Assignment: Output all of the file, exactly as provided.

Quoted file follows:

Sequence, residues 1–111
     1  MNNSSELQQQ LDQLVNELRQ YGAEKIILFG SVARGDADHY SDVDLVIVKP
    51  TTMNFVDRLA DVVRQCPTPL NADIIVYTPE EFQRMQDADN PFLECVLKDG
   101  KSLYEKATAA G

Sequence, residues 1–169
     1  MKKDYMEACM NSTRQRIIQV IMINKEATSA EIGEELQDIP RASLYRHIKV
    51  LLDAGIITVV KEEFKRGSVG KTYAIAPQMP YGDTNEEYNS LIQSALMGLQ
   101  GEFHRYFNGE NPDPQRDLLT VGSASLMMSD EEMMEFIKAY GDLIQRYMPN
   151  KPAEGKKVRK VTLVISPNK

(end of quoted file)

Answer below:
Sequence, residues 1–111
     1  MNNSSELQQQ LDQLVNELRQ YGAEKIILFG SVARGDADHY SDVDLVIVKP
    51  TTMNFVDRLA DVVRQCPTPL NADIIVYTPE EFQRMQDADN PFLECVLKDG
   101  KSLYEKATAA G

Sequence, residues 1–169
     1  MKKDYMEACM NSTRQRIIQV IMINKEATSA EIGEELQDIP RASLYRHIKV
    51  LLDAGIITVV KEEFKRGSVG KTYAIAPQMP YGDTNEEYNS LIQSALMGLQ
   101  GEFHRYFNGE NPDPQRDLLT VGSASLMMSD EEMMEFIKAY GDLIQRYMPN
   151  KPAEGKKVRK VTLVISPNK